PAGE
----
Mars was once a small, wet and blue world, but over the past 4 billion years Mars has dried up and turned into a desert.
But how much water was on Mars? According to a study published in the journal Science, the Martian northern hemisphere was likely covered by the ocean, covering an area equal to the area of the Atlantic Ocean, with depth in some places up to 1, 6 kilometers (1 mile).
"Our study estimates how much water was once on Mars," said Geronimo Villanueva, from Goddard Space Flight Center NASA in Greenbelt, Maryland.
For 6 years, Villanueva and his team used the Very Large Telescope telescope in Chile, the Keck Observatory tools and the NASA infrared telescope located on Mauna Kea Mountain in Hawaii to study the distribution of water molecules in the Mars atmosphere. This helped them create a comprehensive map of water distribution and seasonal changes.
It becomes clear that for many eons, Mars has lost most of its atmosphere into space. This also applies to water.
Water in the oceans of the Earth contains H2O molecules, that is, a hydrogen atom bound to 2 oxygen atoms, and, in smaller quantities, a not so familiar HDO molecule. HDO is a type of water molecule that contains one hydrogen atom, one oxygen atom and one deuterium atom. The deuterium atom is an isotope of hydrogen. While hydrogen consists of one atom of a proton and an electron, deuterium consists of one proton, one neutron and one electron. Thus, due to the extra neutron in deuterium, HDO molecules are slightly heavier than ordinary molecules.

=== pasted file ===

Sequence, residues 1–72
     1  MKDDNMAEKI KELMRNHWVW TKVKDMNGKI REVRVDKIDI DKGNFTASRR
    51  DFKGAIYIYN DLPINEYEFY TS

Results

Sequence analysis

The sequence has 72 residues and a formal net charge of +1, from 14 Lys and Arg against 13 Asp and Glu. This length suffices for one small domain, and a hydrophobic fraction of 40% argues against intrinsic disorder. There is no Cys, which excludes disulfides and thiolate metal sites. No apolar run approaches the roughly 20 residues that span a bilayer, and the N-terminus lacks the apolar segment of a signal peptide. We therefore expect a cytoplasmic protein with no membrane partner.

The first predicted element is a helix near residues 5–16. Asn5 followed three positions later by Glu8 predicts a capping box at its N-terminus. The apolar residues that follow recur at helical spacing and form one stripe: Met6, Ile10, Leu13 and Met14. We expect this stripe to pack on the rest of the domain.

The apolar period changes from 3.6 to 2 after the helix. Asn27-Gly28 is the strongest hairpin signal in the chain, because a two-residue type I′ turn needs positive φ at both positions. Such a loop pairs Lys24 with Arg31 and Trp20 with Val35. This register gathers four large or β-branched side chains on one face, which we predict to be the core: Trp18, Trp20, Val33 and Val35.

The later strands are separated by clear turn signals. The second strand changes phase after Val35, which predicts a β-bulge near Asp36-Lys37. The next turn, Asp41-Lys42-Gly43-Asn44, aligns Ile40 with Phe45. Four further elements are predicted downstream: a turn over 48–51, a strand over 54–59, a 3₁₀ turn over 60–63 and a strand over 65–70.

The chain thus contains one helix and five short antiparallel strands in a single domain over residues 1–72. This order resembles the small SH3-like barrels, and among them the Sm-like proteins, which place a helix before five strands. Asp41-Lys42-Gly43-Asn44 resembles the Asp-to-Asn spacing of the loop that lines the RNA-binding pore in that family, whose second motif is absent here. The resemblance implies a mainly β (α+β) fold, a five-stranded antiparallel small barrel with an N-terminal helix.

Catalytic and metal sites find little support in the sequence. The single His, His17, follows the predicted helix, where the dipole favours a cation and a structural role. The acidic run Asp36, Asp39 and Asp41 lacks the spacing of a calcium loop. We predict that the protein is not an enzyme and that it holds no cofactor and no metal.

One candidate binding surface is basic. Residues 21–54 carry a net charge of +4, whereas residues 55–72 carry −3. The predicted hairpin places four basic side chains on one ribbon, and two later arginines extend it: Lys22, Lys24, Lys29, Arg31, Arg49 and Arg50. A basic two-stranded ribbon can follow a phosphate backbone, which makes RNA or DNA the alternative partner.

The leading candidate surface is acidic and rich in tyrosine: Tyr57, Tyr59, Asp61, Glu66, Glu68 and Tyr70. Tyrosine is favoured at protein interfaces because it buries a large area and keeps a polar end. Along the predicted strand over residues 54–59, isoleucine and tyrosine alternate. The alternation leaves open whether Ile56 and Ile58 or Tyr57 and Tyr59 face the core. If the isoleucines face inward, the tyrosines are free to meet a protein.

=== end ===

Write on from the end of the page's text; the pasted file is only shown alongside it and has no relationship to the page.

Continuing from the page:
This artist’s presentation shows how Mars would have looked about four billion years ago. The young planet would have enough water to cover the entire surface with a layer of 140 meters, but it is more likely that all of the water was combined into a vast ocean, occupying almost half of the northern hemisphere of Mars.
Also known as “semi-heavy water”, HDO is less susceptible to evaporation and loss into space, so logic dictates that if ordinary water evaporated (or sublimated) into space, then HDO could have stayed.
Using powerful ground-based observatories, researchers were able to determine the distribution of HDO molecules and H2O molecules and compare their relationship to liquid water, which is in its natural state.
Of particular interest is the north and south poles of Mars, where glaciers containing water ice and carbon dioxide have survived to this day. The water contained in the glaciers, as scientists believe, reflects the main stages of the evolution of water, starting with the wet Noah period of the Red Planet (approximately 3, 7 billion years ago) and until today. It turns out that the water enclosed in these polar regions is enriched with HDO by a factor of 7, compared with water in the oceans of the Earth. This, according to the study, indicates that Mars has lost 6, 5 times more water than what is currently on glaciers. Thus, the original volume of the ocean of Mars was supposed to reach at least 20 million cubic kilometers.
Considering the global peculiarities of the Mars area, most of the water would be concentrated around the northern plains, in an area dominated by low-lying lands.
"Given the amount of water that Mars lost, it’s very likely that Mars remained wet for a longer period of time than previously thought," said Michael Mumma of Goddard Space Flight Center NASA in Greenbelt.